If you believe the mainstream press, the spectre of Militant seems to be looming over the Labour Party once more. Tom Watson and a whole swathe of the Labour Right, not content with forcing their way into the dustbin of history with every botched job against Corbyn, are apparently turning into Britain's least organised historical reenactment society. Watson has confronted Corbyn with what he claims is proof of mass Trotskyist infiltration to the Labour Party—the news of which is probably most suprising to every Trotskyist in the country.
But, what if you've joined Labour and want to find out more about this trendy new doctrine that's taking hundreds of thousands of young left activists by storm? Well never fear, Verso Books have you catered for with our new Labour Party Entryist Starter Pack! Below you'll find all the books you'll need to be the hip young thing in your local CLP meetings.
The interview below was conducted via email by Selim Nadi as part of his research on theoretical and political exchanges between the French and German radical left during the era of decolonization, between 1945 and 1975.
How did you politicize yourself? In particular, what was the process that made you such a leading figure in the anti-imperialist camp (especially during the Vietnam war)?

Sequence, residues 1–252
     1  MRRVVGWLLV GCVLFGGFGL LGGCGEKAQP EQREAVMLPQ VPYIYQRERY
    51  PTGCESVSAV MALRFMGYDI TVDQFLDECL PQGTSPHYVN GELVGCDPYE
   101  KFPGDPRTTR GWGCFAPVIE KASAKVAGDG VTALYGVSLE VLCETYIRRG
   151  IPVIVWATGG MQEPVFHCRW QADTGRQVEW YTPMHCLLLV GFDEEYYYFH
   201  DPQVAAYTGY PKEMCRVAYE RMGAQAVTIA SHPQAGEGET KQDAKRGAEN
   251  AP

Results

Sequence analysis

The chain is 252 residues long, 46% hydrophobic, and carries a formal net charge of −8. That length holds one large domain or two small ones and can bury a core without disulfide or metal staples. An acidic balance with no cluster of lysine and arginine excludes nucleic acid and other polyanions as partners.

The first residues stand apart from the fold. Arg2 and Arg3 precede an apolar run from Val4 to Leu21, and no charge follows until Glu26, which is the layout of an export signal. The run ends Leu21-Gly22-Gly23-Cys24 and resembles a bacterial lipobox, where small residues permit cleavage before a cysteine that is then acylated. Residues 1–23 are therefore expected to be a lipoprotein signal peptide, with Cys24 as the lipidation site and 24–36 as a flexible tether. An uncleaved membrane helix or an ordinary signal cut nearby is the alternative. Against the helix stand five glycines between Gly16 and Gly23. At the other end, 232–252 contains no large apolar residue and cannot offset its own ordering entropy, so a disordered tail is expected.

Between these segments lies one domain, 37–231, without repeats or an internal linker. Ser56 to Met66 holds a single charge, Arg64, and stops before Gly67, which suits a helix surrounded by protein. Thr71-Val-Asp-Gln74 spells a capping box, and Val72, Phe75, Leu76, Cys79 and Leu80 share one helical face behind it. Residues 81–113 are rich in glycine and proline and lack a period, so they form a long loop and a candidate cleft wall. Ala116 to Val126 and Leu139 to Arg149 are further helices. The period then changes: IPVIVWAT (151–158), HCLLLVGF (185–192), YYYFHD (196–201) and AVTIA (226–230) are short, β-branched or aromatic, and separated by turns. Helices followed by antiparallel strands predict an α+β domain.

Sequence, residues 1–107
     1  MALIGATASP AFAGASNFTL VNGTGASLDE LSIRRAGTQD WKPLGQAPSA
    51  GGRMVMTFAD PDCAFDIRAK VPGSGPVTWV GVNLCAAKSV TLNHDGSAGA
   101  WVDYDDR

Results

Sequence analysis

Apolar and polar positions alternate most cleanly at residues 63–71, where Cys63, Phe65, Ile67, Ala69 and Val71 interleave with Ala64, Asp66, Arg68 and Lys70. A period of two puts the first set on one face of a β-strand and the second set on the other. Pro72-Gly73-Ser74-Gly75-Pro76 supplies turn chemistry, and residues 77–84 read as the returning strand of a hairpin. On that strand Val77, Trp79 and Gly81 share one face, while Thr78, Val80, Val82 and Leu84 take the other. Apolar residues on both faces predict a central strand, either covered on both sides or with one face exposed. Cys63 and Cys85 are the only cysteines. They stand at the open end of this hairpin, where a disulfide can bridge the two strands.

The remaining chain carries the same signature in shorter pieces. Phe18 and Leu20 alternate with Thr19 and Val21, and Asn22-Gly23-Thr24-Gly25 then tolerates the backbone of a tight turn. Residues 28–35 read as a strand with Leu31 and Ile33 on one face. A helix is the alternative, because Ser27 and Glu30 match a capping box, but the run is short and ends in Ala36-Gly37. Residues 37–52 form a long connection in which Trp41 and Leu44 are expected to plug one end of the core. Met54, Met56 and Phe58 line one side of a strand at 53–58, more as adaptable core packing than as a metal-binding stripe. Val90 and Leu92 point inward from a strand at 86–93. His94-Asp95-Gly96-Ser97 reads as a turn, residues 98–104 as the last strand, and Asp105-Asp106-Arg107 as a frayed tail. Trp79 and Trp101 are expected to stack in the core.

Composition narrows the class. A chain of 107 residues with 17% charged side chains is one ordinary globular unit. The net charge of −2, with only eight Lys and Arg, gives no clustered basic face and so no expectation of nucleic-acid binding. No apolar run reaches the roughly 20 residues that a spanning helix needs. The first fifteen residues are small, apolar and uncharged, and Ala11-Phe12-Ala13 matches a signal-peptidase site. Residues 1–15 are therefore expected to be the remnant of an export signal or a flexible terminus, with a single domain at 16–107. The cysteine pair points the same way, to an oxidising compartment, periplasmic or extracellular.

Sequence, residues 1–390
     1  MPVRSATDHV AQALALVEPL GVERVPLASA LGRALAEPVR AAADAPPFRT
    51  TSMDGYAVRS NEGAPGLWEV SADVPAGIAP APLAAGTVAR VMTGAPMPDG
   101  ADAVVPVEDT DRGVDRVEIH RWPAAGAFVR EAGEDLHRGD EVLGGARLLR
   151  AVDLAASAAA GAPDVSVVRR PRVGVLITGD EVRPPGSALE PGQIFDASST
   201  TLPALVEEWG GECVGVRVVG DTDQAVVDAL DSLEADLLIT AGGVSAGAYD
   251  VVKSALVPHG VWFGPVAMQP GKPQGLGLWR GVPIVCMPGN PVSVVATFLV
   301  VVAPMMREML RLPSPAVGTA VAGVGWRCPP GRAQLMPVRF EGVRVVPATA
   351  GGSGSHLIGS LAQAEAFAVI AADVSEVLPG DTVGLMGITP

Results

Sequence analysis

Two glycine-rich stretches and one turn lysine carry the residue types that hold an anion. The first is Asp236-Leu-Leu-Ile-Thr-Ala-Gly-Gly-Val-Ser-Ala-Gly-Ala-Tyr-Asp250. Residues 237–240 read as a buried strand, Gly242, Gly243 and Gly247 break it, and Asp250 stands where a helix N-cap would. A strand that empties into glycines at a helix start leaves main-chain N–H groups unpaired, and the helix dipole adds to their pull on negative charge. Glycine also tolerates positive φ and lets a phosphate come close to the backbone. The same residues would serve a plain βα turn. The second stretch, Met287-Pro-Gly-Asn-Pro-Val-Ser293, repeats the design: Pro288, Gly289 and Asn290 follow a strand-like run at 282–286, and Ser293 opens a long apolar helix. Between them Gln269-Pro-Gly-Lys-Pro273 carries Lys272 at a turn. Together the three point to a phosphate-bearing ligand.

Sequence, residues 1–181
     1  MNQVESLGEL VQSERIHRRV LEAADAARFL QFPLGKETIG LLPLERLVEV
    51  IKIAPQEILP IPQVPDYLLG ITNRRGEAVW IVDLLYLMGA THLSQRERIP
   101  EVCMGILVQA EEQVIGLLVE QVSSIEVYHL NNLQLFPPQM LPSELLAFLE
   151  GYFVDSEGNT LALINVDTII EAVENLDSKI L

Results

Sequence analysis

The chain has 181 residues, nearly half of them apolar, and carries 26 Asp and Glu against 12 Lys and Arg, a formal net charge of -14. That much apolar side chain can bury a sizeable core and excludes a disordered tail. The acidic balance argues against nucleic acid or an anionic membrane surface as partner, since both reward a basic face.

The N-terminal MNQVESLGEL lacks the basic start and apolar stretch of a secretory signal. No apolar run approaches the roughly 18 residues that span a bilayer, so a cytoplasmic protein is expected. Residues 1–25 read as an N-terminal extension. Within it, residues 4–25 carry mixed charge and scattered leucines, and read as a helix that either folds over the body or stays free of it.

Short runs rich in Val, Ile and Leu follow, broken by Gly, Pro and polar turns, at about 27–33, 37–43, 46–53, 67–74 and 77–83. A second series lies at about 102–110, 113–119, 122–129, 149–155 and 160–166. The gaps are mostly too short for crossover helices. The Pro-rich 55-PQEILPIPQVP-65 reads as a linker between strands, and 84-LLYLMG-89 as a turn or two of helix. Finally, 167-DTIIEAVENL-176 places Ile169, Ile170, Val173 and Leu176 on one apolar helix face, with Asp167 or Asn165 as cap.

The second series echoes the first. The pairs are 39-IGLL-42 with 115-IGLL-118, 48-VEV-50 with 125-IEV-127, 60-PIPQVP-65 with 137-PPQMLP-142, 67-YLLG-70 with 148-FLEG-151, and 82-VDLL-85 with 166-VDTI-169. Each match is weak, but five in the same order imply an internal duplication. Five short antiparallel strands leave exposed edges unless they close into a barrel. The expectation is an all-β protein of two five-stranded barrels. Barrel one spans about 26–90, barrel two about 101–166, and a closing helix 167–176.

It wasn’t exactly a self-politicization. I was born in Lahore, grew up in that city, went to school and university, and didn’t move to Britain until October 1963. My class locations were contradictory: the larger family were feudal, but my parents had broken loose on many levels and become members of the Indian Communist Party and later, after Partition, its weak Pakistani offshoot. In other words, I grew up in a communist milieu, and mixed, from a very young age, with the intellectuals, poets and journalists of the left, as well as peasant and trade union leaders who were always welcome in our house. My first recorded attendance of a meeting is when I was almost 6 years old. There was a large May Day meeting in Lahore in 1949, as the Eighth Route Army and other guerrilla detachments, triumphant against the Japanese occupiers and the corrupted and brutal nationalists of the KMT, were converging on Beijing. The main chant in Lahore was “Friends, we will take the Chinese Road.”
Tariq Ali spoke at Britain's biggest anti-nuclear march in a generation yesterday alongside Jeremy Corbyn, Giles Fraser and party leaders at a rally organised by the CND. Thousands of protesters gathered in London, some travelling from as afar as Australia to protest against the renewal of Trident.
"There is no practical, utilitarian or financial justification for Trident but we need it because it upgrades Britain's position in the world. I think it downgrades Britain's position in the world [...] If it really wants to upgrade its moral position in the world it needs to get rid of Trident," he said.
Ralph Miliband was a socialist intellectual of great integrity. He belonged to a generation of socialists formed by the Russian revolution and the second world war, a generation that dominated leftwing politics for almost a century. His father, a leather craftsman in Warsaw, was a member of the Jewish Bund, an organisation of militant socialist workers that insisted on preserving their ethnic autonomy.